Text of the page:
Conference on Aging Planned for Summer 2015

Published in Pawtucket Times, December 5, 2015

It seems that aging advocates will have many celebrations to attend throughout 2015. This year is the 50th anniversary of Medicare, Medicaid, and the Older Americans Act, as well as the 80th anniversary of Social Security. Last July, the White House announced the scheduling this summer of the White House Conference on Aging (WHCoA). This once-in-a-decade is an opportunity to recognize the importance of these key federal programs as well as to look ahead to the issues that will help shape the quality of life for older Americans for the next decade.

With Nora Super named as the Conference’s new Executive Director in July combined with its website up and running in October, planning for the event is gearing up.

A Look Back

The first White House Conference on Aging (WHCoA) was held in 1961, with following conferences in 1971, 1981, 1995, and 2005. Over the past 40 years, professionals in the aging network have viewed these decennial conferences to be catalysts for development of aging policy. The conferences generated ideas and ultimately political momentum to establish or make significant improvements to many of the nation’s domestic programs, including Medicare, Medicaid, the Older Americans Acts and even to Social Security.

The four-day 2005 WHCoA was geared to provide the nation’s73 million baby boomers plan for their decades in retirement. That year, Pre-WHOCoA Forums (listening, solutions and mini conferences) were held around the country, to develop proposed solutions to the challenges of aging and the Main Conference itself, ultimately resulted in 73 resolutions with 50 of them being presented to the president and Congress.

Ten years ago, Governors of all 50 States, Puerto Rico, the District of Columbia and the Territories, Members of the 109th Congress, the National Congress of American Indians and the Policy Committee, selected 1,200 bipartisan delegates. At press time, delegate selection details have not been announced. But, like previous Conferences, I expect that incoming Governor, Gina Raimondo, to have some slots to appoint. Stay tuned.

In the past, processes for the five conferences were created by federal statute with the form and structure directed by Congressional lawmakers through legislation authorizing the Older Americans Act. To date, a deeply divided Congress has not reauthorized this program, and the pending bill does not include a statutory requirement or framework for the 2015 conference.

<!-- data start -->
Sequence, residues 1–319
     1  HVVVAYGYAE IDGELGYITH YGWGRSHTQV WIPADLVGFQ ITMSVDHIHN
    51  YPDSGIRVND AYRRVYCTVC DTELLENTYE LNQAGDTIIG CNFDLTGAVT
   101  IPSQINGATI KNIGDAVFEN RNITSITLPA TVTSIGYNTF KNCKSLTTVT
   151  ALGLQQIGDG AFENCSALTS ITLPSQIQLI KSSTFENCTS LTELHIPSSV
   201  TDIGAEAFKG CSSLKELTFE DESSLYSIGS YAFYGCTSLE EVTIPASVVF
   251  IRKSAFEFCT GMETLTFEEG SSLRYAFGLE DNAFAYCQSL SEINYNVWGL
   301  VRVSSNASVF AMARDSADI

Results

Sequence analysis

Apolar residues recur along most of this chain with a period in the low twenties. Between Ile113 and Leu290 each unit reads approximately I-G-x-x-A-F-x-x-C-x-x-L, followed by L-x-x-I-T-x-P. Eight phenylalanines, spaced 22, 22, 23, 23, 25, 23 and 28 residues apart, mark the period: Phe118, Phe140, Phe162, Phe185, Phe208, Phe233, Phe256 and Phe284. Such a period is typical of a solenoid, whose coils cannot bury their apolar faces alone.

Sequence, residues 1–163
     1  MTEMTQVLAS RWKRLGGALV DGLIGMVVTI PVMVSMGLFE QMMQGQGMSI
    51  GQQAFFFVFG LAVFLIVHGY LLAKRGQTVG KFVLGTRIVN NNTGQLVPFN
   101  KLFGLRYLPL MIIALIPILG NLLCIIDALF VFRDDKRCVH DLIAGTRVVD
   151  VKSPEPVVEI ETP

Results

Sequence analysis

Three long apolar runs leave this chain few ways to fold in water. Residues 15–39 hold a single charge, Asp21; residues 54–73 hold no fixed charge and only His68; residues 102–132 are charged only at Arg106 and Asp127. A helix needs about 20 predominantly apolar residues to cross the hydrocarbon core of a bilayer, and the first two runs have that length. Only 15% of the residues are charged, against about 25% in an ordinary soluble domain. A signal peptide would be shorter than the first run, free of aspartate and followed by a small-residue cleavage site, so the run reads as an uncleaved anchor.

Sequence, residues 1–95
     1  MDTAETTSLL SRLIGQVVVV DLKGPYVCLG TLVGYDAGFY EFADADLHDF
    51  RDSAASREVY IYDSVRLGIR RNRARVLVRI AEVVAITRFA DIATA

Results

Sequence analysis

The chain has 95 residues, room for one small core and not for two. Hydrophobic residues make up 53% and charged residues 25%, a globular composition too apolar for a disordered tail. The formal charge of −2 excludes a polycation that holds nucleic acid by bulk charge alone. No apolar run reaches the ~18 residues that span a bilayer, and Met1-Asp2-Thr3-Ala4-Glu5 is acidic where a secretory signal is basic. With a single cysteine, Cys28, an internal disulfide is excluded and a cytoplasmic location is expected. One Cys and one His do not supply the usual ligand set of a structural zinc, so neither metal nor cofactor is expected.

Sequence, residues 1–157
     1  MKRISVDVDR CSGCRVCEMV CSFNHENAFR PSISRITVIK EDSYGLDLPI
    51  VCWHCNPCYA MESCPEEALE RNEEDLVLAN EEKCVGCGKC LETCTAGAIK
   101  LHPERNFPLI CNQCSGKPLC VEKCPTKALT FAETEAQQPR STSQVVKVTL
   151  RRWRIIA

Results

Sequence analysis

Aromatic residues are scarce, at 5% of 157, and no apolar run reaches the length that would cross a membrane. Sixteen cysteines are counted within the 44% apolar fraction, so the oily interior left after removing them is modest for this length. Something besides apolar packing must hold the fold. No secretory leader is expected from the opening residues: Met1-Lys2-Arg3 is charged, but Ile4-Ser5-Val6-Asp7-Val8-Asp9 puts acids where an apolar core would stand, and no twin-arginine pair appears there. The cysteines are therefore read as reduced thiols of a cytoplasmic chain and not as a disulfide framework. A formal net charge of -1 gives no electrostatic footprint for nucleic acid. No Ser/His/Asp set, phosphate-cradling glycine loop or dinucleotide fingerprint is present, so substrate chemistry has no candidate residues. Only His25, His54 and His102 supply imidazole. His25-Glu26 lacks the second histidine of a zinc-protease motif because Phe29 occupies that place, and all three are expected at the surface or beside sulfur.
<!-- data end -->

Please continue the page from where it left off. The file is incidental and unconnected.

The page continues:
WHCoA organizers say that without a Congressionally defined framework, the White House begins to plans, still strongly committed to hosting a White House Conference on Aging in 2015. The American public will be engaged and involved in developing the conference, they say, by utilizing technology, by using web tools and social media, can encourage the nation’s Baby Boomers and seniors to participate.
Super Takes the Reins

Nora Super, the executive director of the upcoming WHCoA, says on the event’s website, “the coming months will be a time for us to engage in a dialogue and build a shared vision on how to continue to maximize the contributions of Americans as we age, and how to advance priorities such as healthy aging, a secure retirement, accessing the services and supports older Americans need to remain in their communities, and protecting older Americans from financial exploitation, abuse, and neglect.”

Super, who has over 20 years working in the federal government, and a lobbyist for AARP and represented Kaiser Permanente’s eight regional Permanente Medical Groups, believes, “The White House Conference on Aging represents an important step in working to ensure that Americans throughout the lifespan have the opportunity to learn and develop skills, engage in productive work, make choices about their daily lives, and participate fully in community life.”

According to Super, “the Conference is designed to assist the public and private sectors to be responsive to the needs of a diverse aging population and to promote the dignity and independence of and expand opportunities for current and future generations of older persons and their families.”
Listening session, beginning last July that will continue up to and during the Conference, have produced some common themes, including: retirement security; healthy aging; long-term services and supports to help older adults remain in their communities; and preventing financial exploitation, abuse, and neglect of older adults.

A Call for Participation

Sign up to receive regular updates and emails to stay informed. You will learn more about the planned WHCoA listening sessions, regional forums, webinars and opportunities for public engagement. Provide your thoughts as to what’s most important to you and your ideas for actions that can help to improve the lives of older Americans.